Natasha challenges designers and design thinkers to provide evidence for the effectiveness of our work, but there is evidence for the effectiveness of the GE Adventure Series.
Before it was introduced, hospitals had to sedate as many as 80% of its young patients, something that comes with staggering financial costs, emotional difficulty, and medical risk. After the Adventure Series was introduced, these sedation rates plummeted, and hospitals using the new service achieved up to a 90% increase in patient satisfaction scores.
The evidence is there, if you Google harder.
So What? Yes, And…
Design Thinking is a way to put empathy into practice. It teaches practitioners to try to understand of human needs as the basis of problem solving. In a world in desperate need for more empathy, I’m happy to promote more Design Thinking as one of the ways to get there.
When I have to decide between two equally technically proficient designers to hire, I will choose one who demonstrates more empathy any day. In the times in which we are living, we don’t just need talented, critical craftspeople, we need concerned, civically-engaged designers and design thinkers.
I think we can use Design Thinking as a hook to go from buzzword, to real talk and action to address the social and environmental problems that we face.
Maybe Design Thinking is corporate jargon. But it has served as a starting point for the buttoned-up law firms, staid policy think tanks, and old-school humanitarian organizations of the world to have conversations about approaching and solving problems in new ways.
If Design Thinking is the good cop that gets you to open up and talk, then Design Critique is the bad cop that keeps you honest.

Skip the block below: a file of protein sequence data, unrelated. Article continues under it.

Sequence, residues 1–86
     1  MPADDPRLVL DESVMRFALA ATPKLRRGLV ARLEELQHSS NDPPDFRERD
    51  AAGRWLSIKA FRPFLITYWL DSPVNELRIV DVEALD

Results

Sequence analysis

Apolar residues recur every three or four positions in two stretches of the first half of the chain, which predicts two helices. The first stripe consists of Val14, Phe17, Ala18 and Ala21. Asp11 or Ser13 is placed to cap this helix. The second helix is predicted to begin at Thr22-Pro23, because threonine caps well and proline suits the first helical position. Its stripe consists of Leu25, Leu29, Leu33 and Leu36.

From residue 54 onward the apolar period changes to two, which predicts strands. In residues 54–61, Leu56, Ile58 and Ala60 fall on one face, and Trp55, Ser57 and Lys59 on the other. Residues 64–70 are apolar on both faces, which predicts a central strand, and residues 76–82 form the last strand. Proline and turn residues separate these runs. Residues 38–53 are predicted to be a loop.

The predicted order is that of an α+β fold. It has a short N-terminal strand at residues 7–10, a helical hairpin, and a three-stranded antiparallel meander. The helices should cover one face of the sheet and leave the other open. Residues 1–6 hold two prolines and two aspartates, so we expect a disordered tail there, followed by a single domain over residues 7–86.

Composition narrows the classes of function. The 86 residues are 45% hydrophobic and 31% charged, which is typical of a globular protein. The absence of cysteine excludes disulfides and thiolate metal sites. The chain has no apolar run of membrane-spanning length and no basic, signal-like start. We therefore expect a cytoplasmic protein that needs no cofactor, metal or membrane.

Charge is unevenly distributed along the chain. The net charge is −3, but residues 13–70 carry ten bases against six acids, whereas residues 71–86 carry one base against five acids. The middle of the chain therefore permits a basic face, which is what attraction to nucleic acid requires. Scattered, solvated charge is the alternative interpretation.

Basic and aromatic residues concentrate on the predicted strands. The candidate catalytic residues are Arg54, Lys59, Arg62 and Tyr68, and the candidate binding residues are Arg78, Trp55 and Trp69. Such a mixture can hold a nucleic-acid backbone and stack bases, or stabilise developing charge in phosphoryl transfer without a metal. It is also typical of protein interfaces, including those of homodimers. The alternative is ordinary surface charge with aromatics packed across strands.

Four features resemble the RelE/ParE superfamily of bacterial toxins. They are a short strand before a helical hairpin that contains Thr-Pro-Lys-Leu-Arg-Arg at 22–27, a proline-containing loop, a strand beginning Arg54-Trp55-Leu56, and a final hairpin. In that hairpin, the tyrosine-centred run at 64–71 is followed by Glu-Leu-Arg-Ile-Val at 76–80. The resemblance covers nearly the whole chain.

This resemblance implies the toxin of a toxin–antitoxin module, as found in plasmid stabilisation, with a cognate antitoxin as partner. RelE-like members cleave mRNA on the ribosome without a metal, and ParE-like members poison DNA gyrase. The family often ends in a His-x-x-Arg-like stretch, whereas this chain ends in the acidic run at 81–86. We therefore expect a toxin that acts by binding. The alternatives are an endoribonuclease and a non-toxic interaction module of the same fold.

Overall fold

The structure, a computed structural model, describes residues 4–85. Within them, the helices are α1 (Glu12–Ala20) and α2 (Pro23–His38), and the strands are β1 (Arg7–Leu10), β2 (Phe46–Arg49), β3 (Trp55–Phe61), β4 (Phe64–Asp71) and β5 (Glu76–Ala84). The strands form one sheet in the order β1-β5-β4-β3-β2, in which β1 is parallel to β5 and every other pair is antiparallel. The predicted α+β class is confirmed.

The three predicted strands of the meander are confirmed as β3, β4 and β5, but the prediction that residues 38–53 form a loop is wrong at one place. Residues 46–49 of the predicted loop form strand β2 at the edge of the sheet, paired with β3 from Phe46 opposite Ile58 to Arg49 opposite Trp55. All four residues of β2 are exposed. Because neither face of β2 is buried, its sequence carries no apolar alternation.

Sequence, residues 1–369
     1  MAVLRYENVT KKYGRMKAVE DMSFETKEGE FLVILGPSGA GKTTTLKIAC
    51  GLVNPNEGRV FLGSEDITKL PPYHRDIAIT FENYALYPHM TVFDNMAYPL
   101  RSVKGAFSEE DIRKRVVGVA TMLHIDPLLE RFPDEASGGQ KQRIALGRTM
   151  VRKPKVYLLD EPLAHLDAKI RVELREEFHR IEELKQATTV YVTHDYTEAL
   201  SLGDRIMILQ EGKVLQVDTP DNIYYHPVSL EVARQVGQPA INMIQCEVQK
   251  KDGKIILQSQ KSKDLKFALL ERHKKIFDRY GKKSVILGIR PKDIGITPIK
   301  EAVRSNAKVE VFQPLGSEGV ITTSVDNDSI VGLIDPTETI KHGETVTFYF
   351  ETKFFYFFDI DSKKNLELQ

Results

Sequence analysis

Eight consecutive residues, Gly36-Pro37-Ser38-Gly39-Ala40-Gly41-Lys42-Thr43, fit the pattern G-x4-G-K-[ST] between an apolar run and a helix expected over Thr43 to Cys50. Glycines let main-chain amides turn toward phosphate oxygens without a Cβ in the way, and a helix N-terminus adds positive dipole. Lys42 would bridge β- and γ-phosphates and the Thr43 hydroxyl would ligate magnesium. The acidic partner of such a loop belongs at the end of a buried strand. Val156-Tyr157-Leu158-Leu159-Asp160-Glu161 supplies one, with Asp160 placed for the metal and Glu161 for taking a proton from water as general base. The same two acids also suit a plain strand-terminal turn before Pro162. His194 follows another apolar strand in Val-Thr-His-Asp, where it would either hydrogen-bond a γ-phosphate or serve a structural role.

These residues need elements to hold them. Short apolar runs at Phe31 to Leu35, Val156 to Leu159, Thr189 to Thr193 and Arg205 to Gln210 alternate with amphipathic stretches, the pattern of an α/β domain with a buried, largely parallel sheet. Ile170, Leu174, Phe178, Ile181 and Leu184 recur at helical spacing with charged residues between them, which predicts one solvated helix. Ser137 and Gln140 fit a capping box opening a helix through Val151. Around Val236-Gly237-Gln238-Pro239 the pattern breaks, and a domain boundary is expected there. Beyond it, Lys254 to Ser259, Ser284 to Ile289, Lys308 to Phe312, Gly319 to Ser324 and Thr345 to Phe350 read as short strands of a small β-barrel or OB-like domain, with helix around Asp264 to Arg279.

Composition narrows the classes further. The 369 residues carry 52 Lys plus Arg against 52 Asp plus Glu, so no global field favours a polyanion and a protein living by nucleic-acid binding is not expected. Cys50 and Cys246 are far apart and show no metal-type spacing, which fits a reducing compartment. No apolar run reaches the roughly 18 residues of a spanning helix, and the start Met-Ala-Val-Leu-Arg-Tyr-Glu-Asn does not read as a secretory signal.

Design Thinking may be bullshit, but it’s useful bullshit. I’m down to play in the shit and meet people where they are.
Design Thinking is training wheels. Design Thinking is a deliberate linearization and simplification of a complex creative process. This simplification makes accessible what is often opaque. It allows diverse teams to participate in conversations with seasoned design practitioners who have honed their craft, skills, and instinct over time. It offers a (partial) recipe, but we still need to hone our capacity through time, practice, and critique.
One final analogy to illustrate my point: I also teach capoeira, a Brazilian martial art disguised in dance. Practitioners of capoeira play (we don’t say “spar” or “fight”) capoeira in an improvised manner in a circle known as a roda. Expert capoeira is improvisational, instinctive, and responsive to the movements of one’s partner and context. The only way to get to such apparent effortlessness is through long, rigorous training. But for beginners, we start with scripted sequences of movements to work on technique through rote repetition before the improvisation can begin.
Design Thinking is like the scripted sequence version of design. It may not be elegant, or pretty. It may not be even “real design,” but it serves a pedagogical purpose for getting novices and non-designers involved in creative problem solving.
Design Thinking is a way to open up conversations about design and creative problem solving to a wider audience. Design Thinking gives people the tools to think creatively, work collaboratively, and imagine and prototype potential future states. It may use tacky hexagons and Post-It notes. The professional expert designers may look down on, it, but I think it’s a good place to start.
I hope this post has helped to further those conversations.
Ok, now crit me please. Let me know what you think!